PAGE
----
Merger clauses, or clauses that restrict acceptable forms of proof are frequently used by contracting parties under common-law systems and are relatively unknown in civil law systems. This is because, in common-law systems, the well-established parol evidence rule prevents the interpretation of the party's intentions in their negotiations when a written contract exists that expressly states -- as in a merger clause -- that all elements agreed upon by the parties are contained in that contract.

The parol evidence rule also comes into play in those contracts where merger clauses do not exist. In order to apply the rule under those circumstances, the judge must determine if the written contract reflects all or only part of the terms of the agreement. In the first case, the contract is considered "completely integrated," without the possibility of admitting any variation [page 374] in the terms of the written contract, unless proven otherwise. In the second case, the contract is considered "partially integrated," and may be modified to the extent that the parties agree to additional terms that are consistent with the contract, rejecting those that are contrary to its written term.[16]

The PECL, following UNIDROIT Principles Article 2.17 on this issue, contains a provision relating to merger clauses that attempts to include the Anglo-American doctrine in its text. In particular, PECL Article 2:105(4) provides that one party may not allege a merger clause when the other party has reasonably relied upon the declarations or conduct of the former.[17] At the same time, PECL Article 2:105(2) states that if the merger clause was not independently negotiated by the parties, it will be presumed that they intended their previous declarations or agreements not to form a part of the contract.[18] Finally, PECL Article 2:105(3) provides that the parties may not exclude or restrict this rule.[19]

Despite such differences in content between the American doctrine and the text of the PECL, it must be noted that the meaning of the articles is the same. By virtue of a written merger clause, the contracting parties agree in writing that any previous declaration or agreement will be considered irrelevant. A merger clause also extends its effect to the modification of the contract. Invoking the principle of freedom to negotiate in PECL Article 1:102, the PECL verifies that incorporating such a clause into the contract does not pose any problem.[20] Neither the wording of PECL Article 2:105 itself nor, any clause similar to it, which is incorporated into the contract excludes the possibility that previous negotiations may be used to interpret what [page 375] is in writing.[21] Furthermore, merger clauses do not extend to the negotiations or to agreements that take place following the conclusion of the contract.

Clauses that attempt to restrict modifications to the contract are, like merger clauses, usually used by parties from countries with an Anglo-Saxon legal tradition. Such clauses are known in common-law systems as "no oral modification clauses" (NOM clauses).[22] By agreeing to such a clause, the parties to a contract attempt to avoid its modification in any way other than by writing. In this way, they seek to avoid changes to the contract of which the parties involved in the transaction are not clearly aware. The requirement that modifications to the contract must be made in writing creates an exception to the general rule that contractual modification or termination is not subject to any formal requirement; that is, that modification can be carried out verbally, in writing, or by acts of performance. PECL Article 2:106 clearly establishes that a NOM clause only presumably provides for a writing requirement for the modification of a contract.[23] However, this provision may remain ineffective because of the declarations or actions of one of the parties.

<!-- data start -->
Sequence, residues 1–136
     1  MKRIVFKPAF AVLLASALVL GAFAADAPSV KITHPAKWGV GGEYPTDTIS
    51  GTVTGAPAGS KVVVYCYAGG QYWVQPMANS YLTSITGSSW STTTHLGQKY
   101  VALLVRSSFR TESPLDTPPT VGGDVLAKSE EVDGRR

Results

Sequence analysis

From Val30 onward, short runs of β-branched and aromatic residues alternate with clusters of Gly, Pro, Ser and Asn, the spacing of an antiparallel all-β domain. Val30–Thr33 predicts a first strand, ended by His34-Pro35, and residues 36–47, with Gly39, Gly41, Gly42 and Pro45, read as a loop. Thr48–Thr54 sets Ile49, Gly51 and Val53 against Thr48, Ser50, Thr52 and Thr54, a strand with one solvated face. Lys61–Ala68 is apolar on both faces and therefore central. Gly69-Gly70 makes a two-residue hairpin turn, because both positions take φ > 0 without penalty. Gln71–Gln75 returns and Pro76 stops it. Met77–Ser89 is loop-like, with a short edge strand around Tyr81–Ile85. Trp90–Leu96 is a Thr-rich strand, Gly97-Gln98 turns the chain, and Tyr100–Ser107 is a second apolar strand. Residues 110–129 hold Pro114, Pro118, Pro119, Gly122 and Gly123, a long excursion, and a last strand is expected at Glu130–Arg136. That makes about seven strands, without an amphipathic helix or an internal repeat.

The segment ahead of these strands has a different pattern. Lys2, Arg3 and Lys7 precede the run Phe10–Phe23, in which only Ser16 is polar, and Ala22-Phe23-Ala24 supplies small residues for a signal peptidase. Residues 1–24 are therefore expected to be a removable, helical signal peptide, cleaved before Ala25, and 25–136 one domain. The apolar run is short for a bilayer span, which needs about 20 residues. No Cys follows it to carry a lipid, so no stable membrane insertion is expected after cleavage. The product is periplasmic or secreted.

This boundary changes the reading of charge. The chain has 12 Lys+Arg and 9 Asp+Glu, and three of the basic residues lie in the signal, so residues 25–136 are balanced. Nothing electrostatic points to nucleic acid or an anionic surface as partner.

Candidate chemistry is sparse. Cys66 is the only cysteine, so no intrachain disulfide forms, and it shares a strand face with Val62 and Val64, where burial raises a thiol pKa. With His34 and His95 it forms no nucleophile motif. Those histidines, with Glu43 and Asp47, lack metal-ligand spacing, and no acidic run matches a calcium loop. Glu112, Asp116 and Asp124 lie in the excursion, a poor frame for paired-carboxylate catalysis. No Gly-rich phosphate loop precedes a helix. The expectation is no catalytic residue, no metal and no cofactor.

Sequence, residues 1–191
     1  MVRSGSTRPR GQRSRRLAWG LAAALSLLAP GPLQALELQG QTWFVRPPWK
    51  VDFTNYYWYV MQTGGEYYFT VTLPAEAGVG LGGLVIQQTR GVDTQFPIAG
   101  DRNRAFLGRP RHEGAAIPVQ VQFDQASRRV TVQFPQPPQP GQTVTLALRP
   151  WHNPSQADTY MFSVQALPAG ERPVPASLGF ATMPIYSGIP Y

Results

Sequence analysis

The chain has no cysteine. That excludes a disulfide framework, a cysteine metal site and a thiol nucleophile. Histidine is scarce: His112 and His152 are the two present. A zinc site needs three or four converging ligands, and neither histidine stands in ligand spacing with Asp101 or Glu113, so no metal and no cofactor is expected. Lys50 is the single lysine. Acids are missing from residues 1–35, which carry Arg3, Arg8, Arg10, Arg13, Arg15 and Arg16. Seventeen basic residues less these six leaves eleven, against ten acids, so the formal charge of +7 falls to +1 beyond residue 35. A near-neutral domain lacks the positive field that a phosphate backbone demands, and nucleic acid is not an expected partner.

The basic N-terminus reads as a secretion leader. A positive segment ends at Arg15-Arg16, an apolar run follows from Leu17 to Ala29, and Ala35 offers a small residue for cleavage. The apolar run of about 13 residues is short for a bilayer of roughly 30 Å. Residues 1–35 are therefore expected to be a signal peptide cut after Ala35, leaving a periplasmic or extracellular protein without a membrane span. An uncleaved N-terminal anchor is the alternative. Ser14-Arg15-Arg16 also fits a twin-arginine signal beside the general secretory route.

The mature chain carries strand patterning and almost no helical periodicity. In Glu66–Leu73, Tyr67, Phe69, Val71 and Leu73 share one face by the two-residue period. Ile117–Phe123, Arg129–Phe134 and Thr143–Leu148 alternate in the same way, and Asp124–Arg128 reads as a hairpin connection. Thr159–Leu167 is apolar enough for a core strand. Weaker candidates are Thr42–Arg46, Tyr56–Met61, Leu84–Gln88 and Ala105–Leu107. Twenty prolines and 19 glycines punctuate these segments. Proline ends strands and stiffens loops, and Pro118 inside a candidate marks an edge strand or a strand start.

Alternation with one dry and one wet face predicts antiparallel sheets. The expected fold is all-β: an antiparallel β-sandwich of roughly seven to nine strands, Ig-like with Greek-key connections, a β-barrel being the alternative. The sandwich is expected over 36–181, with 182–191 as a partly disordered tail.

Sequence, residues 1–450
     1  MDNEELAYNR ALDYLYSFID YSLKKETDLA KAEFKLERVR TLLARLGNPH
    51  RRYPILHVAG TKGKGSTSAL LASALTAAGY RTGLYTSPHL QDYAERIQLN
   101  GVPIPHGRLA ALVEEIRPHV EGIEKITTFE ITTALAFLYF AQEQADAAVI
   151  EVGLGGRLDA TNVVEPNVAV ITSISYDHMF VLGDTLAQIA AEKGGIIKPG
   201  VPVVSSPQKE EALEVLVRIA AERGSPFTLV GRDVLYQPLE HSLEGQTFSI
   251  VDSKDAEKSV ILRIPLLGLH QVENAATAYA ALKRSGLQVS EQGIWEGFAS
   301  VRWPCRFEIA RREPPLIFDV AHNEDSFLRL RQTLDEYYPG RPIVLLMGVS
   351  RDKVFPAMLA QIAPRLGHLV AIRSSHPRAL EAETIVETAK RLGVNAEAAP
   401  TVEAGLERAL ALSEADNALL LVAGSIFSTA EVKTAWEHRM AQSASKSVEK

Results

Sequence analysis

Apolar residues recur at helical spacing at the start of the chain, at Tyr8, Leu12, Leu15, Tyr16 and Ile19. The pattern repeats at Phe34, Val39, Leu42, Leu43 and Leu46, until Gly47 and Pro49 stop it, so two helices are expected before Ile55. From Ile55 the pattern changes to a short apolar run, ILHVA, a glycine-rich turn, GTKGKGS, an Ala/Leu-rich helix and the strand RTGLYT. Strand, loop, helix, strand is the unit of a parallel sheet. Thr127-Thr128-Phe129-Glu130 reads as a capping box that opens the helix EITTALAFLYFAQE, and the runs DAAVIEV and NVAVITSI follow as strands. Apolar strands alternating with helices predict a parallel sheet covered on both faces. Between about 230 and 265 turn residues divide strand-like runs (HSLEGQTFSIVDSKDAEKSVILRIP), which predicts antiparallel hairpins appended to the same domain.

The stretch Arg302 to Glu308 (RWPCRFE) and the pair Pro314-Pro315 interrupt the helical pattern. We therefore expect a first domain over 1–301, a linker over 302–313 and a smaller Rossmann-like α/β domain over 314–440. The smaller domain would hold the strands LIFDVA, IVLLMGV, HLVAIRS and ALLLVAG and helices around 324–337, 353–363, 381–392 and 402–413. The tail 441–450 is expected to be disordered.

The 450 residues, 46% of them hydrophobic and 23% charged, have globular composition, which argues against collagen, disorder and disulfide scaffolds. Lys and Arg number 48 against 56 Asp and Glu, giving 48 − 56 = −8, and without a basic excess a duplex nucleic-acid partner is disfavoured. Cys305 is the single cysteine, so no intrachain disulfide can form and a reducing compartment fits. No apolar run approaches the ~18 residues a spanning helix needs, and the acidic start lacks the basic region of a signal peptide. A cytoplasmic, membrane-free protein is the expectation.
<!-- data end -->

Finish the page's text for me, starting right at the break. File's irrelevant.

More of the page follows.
PECL Chapter 2, Section 2, and UCC Part 2, Article 2, follow the classic pattern of two declarations of will, offer and acceptance, in deeming a contract concluded. The adoption of this process is justified for two reasons: (1) the great majority of legal systems have adopted it; and (2) it makes analyzing the formation of the contract easy for the parties, judges or arbitrators. Nevertheless, at times it is difficult to determine what exactly is an offer or an acceptance, such as when negotiations are long and complicated. Such occurrences, however, would not prevent the conclusion of a contract, even though the moment when conclusion [page 376] occurs cannot be easily determined or the offer and acceptance cannot be clearly identified. Naturally, the fact that the contract is being performed by both parties is sufficient to prove that at some prior point, the contract was concluded.

Some of the general provisions of the PECL regarding the formation of the contract recognize this practical issue, as did the UCC long ago. A doctrine similar to the one stated in UCC section 2-204 and in Restatement (Second) of Contracts section 22, was adopted in PECL Articles 2:101 and 2:211.[24] Therefore, the possibility of submitting every contractual formation process to the traditional offer and acceptance pattern is conceivable, with adjustments. The fact that a contract does not follow the traditional pattern and is consequently concluded without isolating the offer and the acceptance, does not detract from the value of the rules set forth in PECL Chapter 2. However, it must be recognized that finding the precise moment in which the contract is concluded could be very difficult if there is no offer and acceptance. In any case, the contract must be deemed concluded, failing other conclusive proof, either when there is sufficient agreement between the parties or when there is performance of the contract by both parties.